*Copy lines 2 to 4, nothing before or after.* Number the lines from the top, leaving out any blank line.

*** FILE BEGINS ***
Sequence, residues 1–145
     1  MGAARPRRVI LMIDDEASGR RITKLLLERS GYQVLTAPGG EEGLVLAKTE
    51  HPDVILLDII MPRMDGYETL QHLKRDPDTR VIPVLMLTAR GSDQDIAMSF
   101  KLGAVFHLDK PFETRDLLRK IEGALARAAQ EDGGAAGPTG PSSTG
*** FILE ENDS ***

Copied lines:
     1  MGAARPRRVI LMIDDEASGR RITKLLLERS GYQVLTAPGG EEGLVLAKTE
    51  HPDVILLDII MPRMDGYETL QHLKRDPDTR VIPVLMLTAR GSDQDIAMSF
   101  KLGAVFHLDK PFETRDLLRK IEGALARAAQ EDGGAAGPTG PSSTG